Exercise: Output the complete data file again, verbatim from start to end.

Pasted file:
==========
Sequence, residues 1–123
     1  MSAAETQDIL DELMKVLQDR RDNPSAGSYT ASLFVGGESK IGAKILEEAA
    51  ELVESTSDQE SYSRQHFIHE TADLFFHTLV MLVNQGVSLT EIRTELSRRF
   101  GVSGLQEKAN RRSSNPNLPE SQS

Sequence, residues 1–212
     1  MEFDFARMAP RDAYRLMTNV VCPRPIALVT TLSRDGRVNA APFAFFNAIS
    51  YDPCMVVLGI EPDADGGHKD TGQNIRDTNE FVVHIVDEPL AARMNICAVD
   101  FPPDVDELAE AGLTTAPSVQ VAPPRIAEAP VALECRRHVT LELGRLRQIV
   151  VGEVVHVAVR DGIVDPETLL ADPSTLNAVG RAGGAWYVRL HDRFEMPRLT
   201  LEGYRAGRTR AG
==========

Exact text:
Sequence, residues 1–123
     1  MSAAETQDIL DELMKVLQDR RDNPSAGSYT ASLFVGGESK IGAKILEEAA
    51  ELVESTSDQE SYSRQHFIHE TADLFFHTLV MLVNQGVSLT EIRTELSRRF
   101  GVSGLQEKAN RRSSNPNLPE SQS

Sequence, residues 1–212
     1  MEFDFARMAP RDAYRLMTNV VCPRPIALVT TLSRDGRVNA APFAFFNAIS
    51  YDPCMVVLGI EPDADGGHKD TGQNIRDTNE FVVHIVDEPL AARMNICAVD
   101  FPPDVDELAE AGLTTAPSVQ VAPPRIAEAP VALECRRHVT LELGRLRQIV
   151  VGEVVHVAVR DGIVDPETLL ADPSTLNAVG RAGGAWYVRL HDRFEMPRLT
   201  LEGYRAGRTR AG